Your quick guide to cervical cancer, because awareness is important!
The C-word is not taken very well by most of us, as most of the time, we are ill-prepared and have half-baked knowledge. Cancer as we all know, is an uncontrolled overgrowth of abnormal cells within various parts of our body, with varying potential for invasion into adjacent parts. This piece will speak about cervical cancer, or cancer involving the lowermost and outermost part of the uterus (womb) call the cervix.
Cervical cancer is the fourth most common cancer seen in women, worldwide. In India, it is assessed to be the second most common cancer in women, especially among those who belong to the reproductive age group.
Here’s what you need to understand about cervical cancer
The cervix is a cylindrical organ, which is divided into an inner endocervix and outer ectocervix. The junctional zone is usually affected by various changes like infection from the human papillomavirus (HPV), which causes it to undergo precancerous changes. If these precancerous changes are not identified on time and treated, it may progress into becoming cervical cancer.
What are some of the symptoms of cervical cancer?
Cervical cancer comes with hardly any symptoms in the early treatable stages. In advanced cases, it may cause excessive vaginal discharge, irregular blood spotting, post-coital spotting, vague pelvic pain, etc.
How do we detect cervical cancer?
Since the symptoms are very rare, it is prudent that women of the reproductive age group should test themselves annually using a pap smear test. It is a simple cervical cancer screening method, through which your gynecologist will collect some cell samples from the junctional zone, and will test for infections and precancerous conditions.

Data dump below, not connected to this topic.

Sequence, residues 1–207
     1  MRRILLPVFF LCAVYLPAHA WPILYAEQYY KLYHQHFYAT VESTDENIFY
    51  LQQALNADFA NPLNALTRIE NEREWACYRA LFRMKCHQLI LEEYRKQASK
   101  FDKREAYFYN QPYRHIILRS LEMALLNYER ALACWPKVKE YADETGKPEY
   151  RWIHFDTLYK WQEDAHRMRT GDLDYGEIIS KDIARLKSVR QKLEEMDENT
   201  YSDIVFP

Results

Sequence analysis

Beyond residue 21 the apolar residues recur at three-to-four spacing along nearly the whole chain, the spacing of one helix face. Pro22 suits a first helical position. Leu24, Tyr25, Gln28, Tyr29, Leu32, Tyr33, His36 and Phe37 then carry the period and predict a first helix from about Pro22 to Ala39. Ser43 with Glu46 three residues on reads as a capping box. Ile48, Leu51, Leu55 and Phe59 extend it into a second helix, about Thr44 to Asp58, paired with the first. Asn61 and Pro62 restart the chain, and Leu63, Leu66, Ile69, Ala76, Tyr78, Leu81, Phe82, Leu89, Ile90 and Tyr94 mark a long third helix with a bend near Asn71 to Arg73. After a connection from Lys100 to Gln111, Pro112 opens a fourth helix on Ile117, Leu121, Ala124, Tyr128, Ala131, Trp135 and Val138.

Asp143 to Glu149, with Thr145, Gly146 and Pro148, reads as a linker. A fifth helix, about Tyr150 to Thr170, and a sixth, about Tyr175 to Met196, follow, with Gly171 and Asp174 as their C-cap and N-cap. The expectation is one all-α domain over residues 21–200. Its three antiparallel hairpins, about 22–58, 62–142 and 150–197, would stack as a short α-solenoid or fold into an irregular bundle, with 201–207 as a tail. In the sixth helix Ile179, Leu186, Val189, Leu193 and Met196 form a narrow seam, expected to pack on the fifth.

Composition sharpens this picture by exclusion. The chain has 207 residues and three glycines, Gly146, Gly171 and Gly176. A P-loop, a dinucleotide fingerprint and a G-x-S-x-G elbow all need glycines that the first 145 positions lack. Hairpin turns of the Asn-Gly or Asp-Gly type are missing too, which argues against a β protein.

Ideally, the test should be done:
* In all women above 30 years of age
* Every year, as suggested by your gynecologist, and based on the previous tests
How can cervical cancer be treated?
Surgery is the mainstay of treatment for cervical cancer. It is one of those cancers which if identified early, can be completely cured by simple surgery. The surgery may vary from simple small wedge biopsies in the early stages to extensive pelvic surgeries followed up with radiation and chemotherapy in certain cases.
Prevention is better than cure
As infection with human papillomavirus is the major cause of cervical cancer, getting vaccinated has been found to be useful in prevention. In addition, robust pap smear screening is the cornerstone in identifying disease in its early stage.